4. Care, and make sure — without being too obvious or hackneyed — that your people know you care. Fight for them, even occasionally when you know you will lose … it engenders loyalty, and sometimes you need that to hold them together when the “big” reasons for all they’re giving just aren’t enough.
  5. When the situation calls for it, be tough. Tough as nails. This is part of taking care of your people, and the good ones will appreciate and admire you for it. They’ll fight hard to maintain the standards you set when they see you safeguarding the standards they care about.
  6. Perhaps most important, do your best to deflect the pressures directed at your people from higher, rather than magnifying them. This is a tough thing to do, but if you don’t effectively guard the gate of your organization, external actors will conspire to dominate the time and mission focus of your people.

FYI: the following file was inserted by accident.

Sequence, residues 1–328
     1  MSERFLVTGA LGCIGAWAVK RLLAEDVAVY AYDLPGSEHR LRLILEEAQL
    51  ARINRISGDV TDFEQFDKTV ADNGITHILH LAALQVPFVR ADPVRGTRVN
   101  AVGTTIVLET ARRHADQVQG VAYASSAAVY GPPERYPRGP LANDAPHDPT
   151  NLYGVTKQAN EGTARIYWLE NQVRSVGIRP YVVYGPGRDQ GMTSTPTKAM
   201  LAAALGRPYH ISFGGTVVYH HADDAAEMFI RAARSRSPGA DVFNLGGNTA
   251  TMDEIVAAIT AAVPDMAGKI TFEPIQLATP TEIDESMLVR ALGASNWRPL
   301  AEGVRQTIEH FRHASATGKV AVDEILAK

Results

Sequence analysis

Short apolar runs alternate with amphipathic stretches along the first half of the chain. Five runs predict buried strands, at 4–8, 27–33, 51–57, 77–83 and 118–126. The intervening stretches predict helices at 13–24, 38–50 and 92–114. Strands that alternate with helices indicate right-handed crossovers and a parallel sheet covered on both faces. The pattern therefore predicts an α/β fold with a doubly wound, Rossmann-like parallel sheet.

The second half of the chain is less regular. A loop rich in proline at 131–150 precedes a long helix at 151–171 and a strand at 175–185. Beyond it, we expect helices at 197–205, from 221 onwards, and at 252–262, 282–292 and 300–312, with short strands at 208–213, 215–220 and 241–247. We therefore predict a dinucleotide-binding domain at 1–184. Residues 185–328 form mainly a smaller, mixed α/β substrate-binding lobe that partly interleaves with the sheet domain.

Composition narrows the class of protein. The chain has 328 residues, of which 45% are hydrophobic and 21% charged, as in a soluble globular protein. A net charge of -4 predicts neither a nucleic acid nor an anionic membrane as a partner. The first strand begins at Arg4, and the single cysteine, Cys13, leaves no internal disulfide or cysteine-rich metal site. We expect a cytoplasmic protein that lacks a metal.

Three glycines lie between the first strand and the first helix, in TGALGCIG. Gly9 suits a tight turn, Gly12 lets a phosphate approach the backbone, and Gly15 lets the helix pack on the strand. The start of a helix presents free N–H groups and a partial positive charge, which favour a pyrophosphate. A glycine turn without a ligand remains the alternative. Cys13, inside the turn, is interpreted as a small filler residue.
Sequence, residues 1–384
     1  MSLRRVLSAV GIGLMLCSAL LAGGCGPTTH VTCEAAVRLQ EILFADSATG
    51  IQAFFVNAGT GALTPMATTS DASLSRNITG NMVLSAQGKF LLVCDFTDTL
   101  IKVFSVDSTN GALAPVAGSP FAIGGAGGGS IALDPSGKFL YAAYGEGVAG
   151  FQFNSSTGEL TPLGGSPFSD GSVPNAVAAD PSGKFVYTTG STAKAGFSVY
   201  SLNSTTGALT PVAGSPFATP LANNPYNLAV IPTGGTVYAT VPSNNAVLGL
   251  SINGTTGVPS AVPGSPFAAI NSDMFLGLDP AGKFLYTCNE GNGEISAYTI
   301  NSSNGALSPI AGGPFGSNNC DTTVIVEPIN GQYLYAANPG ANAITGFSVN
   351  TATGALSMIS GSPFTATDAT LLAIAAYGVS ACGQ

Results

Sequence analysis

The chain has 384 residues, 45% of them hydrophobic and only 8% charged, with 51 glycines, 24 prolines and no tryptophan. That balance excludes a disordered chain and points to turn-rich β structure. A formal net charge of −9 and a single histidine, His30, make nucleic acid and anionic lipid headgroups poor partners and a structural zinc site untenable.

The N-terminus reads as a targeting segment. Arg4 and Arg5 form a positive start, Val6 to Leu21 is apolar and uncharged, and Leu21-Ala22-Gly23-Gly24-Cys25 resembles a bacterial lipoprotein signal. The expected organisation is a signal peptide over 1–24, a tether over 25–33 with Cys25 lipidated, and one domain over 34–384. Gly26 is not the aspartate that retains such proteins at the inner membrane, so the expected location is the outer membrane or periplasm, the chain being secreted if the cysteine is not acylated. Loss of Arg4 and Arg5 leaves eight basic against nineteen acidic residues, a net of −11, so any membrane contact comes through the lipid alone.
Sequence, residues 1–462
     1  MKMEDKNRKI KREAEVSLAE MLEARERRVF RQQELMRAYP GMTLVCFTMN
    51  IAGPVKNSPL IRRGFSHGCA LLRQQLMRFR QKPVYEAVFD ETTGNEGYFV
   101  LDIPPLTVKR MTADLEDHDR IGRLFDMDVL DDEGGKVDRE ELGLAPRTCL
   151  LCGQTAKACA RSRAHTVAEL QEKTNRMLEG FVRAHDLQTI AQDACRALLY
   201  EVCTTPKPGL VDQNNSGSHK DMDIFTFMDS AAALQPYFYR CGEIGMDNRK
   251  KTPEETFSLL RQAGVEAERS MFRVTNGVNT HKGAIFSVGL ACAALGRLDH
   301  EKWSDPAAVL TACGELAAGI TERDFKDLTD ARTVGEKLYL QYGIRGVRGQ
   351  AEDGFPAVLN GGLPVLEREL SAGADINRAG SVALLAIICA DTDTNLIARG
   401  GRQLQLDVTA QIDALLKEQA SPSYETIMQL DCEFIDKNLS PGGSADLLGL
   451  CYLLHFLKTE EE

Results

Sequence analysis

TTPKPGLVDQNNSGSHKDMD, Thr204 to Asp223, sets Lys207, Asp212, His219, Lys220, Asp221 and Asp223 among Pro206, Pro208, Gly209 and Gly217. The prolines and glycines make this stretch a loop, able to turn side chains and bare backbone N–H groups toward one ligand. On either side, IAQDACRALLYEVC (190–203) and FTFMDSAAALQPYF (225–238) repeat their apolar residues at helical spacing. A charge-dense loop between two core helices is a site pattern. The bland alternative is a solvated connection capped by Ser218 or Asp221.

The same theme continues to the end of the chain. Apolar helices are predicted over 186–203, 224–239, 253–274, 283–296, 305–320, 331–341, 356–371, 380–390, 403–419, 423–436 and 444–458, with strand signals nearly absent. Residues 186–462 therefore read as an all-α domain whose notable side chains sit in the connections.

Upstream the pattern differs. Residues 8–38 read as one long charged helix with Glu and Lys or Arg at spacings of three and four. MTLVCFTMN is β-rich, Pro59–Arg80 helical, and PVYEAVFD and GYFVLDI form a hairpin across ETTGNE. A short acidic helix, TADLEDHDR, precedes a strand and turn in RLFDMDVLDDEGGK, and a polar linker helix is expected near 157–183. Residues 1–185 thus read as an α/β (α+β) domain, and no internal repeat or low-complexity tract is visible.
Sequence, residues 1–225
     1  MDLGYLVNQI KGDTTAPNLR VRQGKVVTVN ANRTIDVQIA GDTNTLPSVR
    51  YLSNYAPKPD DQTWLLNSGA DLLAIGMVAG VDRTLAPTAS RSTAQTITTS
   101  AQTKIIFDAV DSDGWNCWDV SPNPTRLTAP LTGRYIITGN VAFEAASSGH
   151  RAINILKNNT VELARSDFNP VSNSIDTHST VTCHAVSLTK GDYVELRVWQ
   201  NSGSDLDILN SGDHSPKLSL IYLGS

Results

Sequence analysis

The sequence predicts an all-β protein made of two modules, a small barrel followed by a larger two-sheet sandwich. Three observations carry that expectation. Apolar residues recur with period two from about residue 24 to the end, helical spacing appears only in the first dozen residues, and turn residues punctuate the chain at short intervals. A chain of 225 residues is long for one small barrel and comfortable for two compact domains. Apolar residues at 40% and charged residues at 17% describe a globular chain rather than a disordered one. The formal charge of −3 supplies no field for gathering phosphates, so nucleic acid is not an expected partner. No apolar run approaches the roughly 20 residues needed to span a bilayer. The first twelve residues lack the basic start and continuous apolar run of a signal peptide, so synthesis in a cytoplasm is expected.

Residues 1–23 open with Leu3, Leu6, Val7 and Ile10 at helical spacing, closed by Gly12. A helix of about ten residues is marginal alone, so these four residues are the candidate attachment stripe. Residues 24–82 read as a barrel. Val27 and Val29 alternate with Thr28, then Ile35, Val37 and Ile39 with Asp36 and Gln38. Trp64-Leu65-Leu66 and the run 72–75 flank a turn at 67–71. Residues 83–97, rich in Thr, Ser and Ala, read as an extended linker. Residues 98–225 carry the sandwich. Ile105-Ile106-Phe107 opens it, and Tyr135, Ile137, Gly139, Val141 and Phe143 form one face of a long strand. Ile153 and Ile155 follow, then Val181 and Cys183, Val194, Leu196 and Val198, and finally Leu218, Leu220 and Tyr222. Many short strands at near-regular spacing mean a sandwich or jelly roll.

Please read the whole piece, as a simple summary of these points reduces the granularity and detail Tony has put in.

The most noticeable thing for me is that Tony’s leadership qualities emphasize a light touch, with goal setting, the identification of quality people to carry out those goals and ensuring that those operating under you are protected and well resourced. Efforts are focused on creating a secure “space” within which people can operate freely and effectively.

Something I might add to this as its own distinct point would be the requirement that leaders create a safe space not just to do the right thing, but also one in which mistakes are permitted and where and punitive action is absolutely minimised. In the environment within which I work I think there are two rules: